Profile: el-Sayyid el-Badawi, a media tycoon and politician



Fri, 26 Jan 2018 - 03:18 GMT


Fri, 26 Jan 2018 - 03:18 GMT

The head of the Wafd Party el-Sayyid el-Badawi - AFP

The head of the Wafd Party el-Sayyid el-Badawi - AFP

CAIRO - 26 January 2018: El-Sayyid el-Badawi Shehata, known as el-Sayyid el-Badawi, is the incumbent president of the Wafd Party. He was chosen by the liberal-oriented Wafd Party on Thursday to run for the upcoming presidential election due to take place in March.

Badawi’s bid came only one day after President Abdel Fatah al-Sisi submitted his candidacy papers to the National Election Authority (NEA) to run for a second term, lawyer Khaled Ali announced his withdrawal from the presidential bid and former Military Chief of Staff Sami Anan was removed from the voters’ database and summoned by the Armed Forces.

Badawi, born in 1950, was raised in the Tanta governorate (94 kilometers north of Cairo), before moving to Alexandria where he graduated from the Faculty of Pharmacy in 1973. Badawi has also owned many media outlets through his career.
Egypt Today sheds the light on the new competitor in the second presidential election since the ousting of Muslim Brotherhood-affiliated President Mohamed Morsi.

Badawi’s political interaction

Badawi first joined the Wafd Party in 1983 and became secretary general of the party in 2000. He was elected as the party’s leader on May 28, 2010, and was reelected in 2014.
In May 2015, the party was hit by strife sparking a feud between rival factions. By the end of the month, new elections were held; Badawi remained and his supporters won most of the new spots on the council.

During the 18-day revolution in 2011, Badawi did not make any action; however Hayat TV, owned by Badawi, was hostile to the protesters and backed the Mubarak regime.
“No one can deny the legitimacy of Mubarak’s rule,” Badawi stated a few months prior to the January 25 Revolution according to Al-Masry Al-Youm newspaper.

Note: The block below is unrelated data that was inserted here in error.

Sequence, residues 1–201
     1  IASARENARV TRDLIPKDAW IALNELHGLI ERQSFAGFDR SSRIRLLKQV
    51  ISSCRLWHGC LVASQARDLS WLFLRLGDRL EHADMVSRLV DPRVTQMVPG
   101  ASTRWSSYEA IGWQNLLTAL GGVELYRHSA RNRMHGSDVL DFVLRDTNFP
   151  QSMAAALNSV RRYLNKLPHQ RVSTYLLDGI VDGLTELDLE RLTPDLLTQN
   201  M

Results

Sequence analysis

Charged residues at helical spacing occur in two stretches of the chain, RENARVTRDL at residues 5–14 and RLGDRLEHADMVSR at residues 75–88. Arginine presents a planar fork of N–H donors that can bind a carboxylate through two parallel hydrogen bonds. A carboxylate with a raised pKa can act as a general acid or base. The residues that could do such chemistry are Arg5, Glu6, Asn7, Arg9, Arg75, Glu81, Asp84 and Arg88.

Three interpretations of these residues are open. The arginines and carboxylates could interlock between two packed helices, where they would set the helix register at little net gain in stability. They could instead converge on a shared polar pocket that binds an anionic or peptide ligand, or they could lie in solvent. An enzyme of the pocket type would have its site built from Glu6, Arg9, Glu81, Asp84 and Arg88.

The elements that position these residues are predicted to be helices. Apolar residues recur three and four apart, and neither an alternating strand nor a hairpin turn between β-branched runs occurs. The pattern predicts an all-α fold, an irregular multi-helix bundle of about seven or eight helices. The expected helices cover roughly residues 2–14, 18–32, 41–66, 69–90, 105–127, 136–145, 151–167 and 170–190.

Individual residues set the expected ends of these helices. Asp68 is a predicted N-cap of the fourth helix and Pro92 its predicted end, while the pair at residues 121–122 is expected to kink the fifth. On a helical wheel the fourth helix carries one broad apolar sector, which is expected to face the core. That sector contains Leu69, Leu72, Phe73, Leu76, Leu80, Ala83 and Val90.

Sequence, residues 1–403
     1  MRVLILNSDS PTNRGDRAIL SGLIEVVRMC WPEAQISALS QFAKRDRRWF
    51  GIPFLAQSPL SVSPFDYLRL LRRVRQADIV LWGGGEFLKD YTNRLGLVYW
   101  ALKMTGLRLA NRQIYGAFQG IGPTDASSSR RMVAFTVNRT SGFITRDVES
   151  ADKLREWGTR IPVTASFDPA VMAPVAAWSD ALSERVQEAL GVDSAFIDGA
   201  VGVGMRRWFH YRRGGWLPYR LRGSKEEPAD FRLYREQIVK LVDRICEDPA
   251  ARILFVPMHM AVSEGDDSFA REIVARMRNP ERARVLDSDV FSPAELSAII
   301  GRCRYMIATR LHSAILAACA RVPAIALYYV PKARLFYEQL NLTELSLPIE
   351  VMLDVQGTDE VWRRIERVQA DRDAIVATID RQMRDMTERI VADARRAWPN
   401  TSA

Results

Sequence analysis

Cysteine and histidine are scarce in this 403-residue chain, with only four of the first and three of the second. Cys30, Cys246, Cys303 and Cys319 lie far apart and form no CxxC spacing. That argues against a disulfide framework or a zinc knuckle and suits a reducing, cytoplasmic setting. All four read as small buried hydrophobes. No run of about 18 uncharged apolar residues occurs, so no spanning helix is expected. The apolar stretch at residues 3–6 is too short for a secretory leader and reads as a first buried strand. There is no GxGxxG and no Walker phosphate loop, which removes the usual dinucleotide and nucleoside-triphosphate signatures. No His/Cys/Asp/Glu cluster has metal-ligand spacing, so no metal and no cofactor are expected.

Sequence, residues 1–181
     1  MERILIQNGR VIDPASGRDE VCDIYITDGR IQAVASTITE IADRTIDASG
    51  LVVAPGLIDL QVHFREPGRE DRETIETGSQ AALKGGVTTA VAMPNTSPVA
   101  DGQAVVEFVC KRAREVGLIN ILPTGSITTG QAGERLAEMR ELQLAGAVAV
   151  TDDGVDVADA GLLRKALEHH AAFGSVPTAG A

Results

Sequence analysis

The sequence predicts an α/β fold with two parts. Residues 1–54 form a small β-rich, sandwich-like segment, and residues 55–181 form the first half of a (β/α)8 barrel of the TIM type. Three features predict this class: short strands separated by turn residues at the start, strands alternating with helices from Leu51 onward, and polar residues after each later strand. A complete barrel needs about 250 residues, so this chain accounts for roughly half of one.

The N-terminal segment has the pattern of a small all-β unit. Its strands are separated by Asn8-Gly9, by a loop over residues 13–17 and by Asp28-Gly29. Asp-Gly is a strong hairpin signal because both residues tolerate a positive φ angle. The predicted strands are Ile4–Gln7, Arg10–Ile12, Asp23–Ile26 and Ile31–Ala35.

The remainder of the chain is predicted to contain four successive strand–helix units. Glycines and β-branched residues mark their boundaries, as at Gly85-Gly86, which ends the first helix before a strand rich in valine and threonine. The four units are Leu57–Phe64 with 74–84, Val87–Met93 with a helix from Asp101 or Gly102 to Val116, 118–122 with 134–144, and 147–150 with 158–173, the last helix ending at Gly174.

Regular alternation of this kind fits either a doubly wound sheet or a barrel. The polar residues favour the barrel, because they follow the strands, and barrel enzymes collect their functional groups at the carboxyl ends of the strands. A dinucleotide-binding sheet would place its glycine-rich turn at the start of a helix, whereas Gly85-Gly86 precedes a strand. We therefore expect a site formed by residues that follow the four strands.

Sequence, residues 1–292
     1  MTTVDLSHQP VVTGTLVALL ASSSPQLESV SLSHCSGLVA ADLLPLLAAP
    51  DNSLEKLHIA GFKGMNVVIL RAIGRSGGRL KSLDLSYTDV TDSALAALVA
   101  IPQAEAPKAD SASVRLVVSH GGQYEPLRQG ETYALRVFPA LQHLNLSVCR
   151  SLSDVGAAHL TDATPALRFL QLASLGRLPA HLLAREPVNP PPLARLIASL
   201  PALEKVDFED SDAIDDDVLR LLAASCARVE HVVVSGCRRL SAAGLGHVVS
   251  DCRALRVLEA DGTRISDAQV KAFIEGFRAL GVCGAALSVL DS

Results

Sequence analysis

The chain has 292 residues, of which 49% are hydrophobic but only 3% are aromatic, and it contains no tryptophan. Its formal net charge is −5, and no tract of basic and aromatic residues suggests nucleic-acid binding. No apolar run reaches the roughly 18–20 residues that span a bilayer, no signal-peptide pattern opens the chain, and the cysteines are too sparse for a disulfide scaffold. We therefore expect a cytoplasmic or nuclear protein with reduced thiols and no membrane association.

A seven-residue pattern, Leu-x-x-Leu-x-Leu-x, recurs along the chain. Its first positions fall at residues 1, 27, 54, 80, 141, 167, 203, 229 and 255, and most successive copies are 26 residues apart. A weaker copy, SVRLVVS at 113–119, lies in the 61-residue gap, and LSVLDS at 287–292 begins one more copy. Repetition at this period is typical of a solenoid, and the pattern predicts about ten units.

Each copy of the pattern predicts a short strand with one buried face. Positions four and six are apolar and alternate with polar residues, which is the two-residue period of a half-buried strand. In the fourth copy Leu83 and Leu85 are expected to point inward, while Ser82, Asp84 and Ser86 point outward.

During the 2014 presidential election, President Sisi declared that he did not want to establish a party supporting him in the poll. A group of parties, among them Wafd, announced in March 2014 that they would stand behind him in the presidential election and form his partisan backer in the parliament.

“Sisi is the man for the current stage,” Badawi told Egypt Today on January 19, 2018. “The Wafd Party seeks to take part in 2022 presidential election.”

Badawi-Brotherhood relationship

In the 2010 parliamentary elections, most opposition parties, including Wafd agreed to boycott the poll, but Wafd’s leaders changed their mind and began fielding candidates. Soon afterward, the Muslim Brotherhood and others followed suit.

Wafd had already won two seats in the first round, but Badawi decided to boycott the run-offs in protest of what he described as electoral fraud. He added that the Wafd Party “wants to stand by the people and not by a deceitful parliament.” Many of the party’s candidates who qualified for the run-off races disregarded Badawi’s directions and participated anyway.

Under the chairmanship of Badawi, Following the January revolution in 2011, the Wafd Party launched its alliance (the National Democratic Alliance for Egypt) with the Freedom and Justice Party (FJP), the political wing of the Brotherhood, to present a joint list of candidates for the 2011 parliamentary election.

After a wave of criticism against the party for cooperating with Islamists, Wafd decided to participate in the elections independently, and left the Democratic Alliance for Egypt.
Badawi, under the umbrella of the Wafd Party, backed the ousting of MB-affiliated Mohamed Morsi and welcomed the dissolving the FJP and the Brotherhood group.

“The June 30 Revolution managed to protect the state institutions and kept its identity,” stated Badawi, “it liberated the national decision from subordination to foreign powers.”

Badawi as a media figure

In 2010, Badawi and his fellow Wafdist Reda Edward bought the daily Al-Dostour newspaper. He fired its editor-in-chief Ibrahim Eissa, causing fierce criticism directed towards the two owners. As a result, many of the Wafd Party members reigned, accusing Badawi of doing the “dirty work” of the Mubarak regime that did not like Eissa’s press policy at that time.

On the same day that Eissa was fired, Badawi sold his share in Al-Dostour as an attempt to distance himself from criticisms.

Badawi is the incumbent editor-in-chief of the partisan Wafd daily newspaper.

In September 2017, Badawi sold Al-Hayat satellite network with LE 1.4 billion, after falling in huge debt which forced the Egyptian concerned authorities to stop the broadcast of the network until it settled its financial status.



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